When I began researching this topic towards the end of 2013, I sensed a certain skepticism from the scientific community, particularly when people with different backgrounds started experimenting between disciplines, which can reveal new vectors of IT security attacks.
In late 2015, when I presented my Master’s thesis in IT security on Malware that infects genomes I experienced that skepticism up close. During the revision process, one of the professors, who was a specialist in molecular biology, branded it as “erudite nonsense.” In his opinion, it was obvious that a DNA sequence could be modified for malicious purposes and that it was the researcher’s duty to verify that what was sequenced matched the originally published sequence. I do not disagree with this point of view, but beyond the many scenarios that open up in terms of security, it is difficult to explain how easy it would be for some of the checks to fail, particularly if the problem lies in the software. The simple fact that this could occur warranted further study, in my opinion.
Nevertheless, his perspective was not without grounds. My biological scenarios were merely theoretical, given that I did not have the resources to synthesize/sequence a modified genome and demonstrate a real case. Without this, it was difficult to verify the feasibility of a genome being compromised with malicious information in such a way that, if synthesized, it could be passed into the biological realm, carrying an arbitrary sequence, and then be sequenced and compromise the system. Furthermore, it wasn’t something we could see ‘in-the-wild’, but technically that didn’t mean it couldn’t happen one day.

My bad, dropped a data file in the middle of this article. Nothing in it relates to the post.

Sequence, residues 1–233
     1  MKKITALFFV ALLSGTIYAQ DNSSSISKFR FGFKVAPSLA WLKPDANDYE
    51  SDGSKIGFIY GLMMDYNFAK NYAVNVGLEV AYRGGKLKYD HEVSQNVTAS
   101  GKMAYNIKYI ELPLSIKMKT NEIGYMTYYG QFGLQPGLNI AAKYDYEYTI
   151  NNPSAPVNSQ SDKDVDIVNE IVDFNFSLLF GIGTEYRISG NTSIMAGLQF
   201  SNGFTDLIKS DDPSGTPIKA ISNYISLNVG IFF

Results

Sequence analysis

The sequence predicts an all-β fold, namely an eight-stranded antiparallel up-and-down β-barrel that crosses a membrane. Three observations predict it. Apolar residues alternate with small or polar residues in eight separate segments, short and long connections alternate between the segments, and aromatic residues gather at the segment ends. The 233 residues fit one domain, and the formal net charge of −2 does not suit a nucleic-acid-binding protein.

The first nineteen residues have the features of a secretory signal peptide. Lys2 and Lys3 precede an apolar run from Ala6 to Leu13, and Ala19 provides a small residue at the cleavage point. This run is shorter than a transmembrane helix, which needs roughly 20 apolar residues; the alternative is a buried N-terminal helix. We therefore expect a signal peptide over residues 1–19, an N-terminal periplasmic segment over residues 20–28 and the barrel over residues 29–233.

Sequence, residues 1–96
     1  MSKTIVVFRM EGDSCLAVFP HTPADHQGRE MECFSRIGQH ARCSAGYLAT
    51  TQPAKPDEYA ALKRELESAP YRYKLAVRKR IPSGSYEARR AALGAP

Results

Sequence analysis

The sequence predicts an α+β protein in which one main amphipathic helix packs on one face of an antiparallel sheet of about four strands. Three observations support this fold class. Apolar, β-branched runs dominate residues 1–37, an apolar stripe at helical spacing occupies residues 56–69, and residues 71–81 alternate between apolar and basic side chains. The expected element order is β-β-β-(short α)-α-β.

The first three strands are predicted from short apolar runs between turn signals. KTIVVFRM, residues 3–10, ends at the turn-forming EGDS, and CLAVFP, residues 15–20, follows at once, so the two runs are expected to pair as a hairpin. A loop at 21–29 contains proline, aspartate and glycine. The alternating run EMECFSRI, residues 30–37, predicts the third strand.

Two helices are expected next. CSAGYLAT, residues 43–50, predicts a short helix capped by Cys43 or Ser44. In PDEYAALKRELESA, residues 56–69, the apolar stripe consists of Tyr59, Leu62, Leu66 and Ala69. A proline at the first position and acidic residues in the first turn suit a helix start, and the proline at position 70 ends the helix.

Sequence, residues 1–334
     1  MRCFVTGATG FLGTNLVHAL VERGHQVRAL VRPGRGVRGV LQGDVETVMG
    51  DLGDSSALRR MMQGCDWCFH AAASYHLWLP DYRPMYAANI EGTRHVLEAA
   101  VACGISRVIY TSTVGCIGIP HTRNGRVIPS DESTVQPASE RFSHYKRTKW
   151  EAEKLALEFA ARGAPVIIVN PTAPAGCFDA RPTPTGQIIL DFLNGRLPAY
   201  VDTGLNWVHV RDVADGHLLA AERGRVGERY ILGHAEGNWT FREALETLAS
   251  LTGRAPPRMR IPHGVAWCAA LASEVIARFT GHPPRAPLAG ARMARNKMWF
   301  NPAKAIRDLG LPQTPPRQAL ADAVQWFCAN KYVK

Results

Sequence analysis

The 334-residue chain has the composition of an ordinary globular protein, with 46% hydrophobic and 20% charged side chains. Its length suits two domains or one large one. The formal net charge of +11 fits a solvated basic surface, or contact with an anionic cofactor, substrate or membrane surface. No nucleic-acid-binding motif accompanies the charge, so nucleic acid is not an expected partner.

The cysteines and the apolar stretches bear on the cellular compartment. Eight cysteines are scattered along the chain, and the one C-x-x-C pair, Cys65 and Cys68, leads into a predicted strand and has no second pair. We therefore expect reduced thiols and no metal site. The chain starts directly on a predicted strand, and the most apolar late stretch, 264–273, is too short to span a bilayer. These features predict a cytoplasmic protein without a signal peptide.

And then, that day came.
Professor Tadayoshi Kohno and his team from the University of Washington managed to demonstrate it in their article published last week: “Computer Security, Privacy, and DNA Sequencing: Compromising Computers with Synthesized DNA, Privacy Leaks, and More.”
Kohno and his team carried out in-depth, detailed research into the subject, where they put into practice this theoretical scenario which I was wondering about too: “maliciously” modified DNA can be synthesized and sequenced, giving rise to the execution of arbitrary code. In this case, they created a vulnerability in an application called fqzcomp to demonstrate the code’s execution.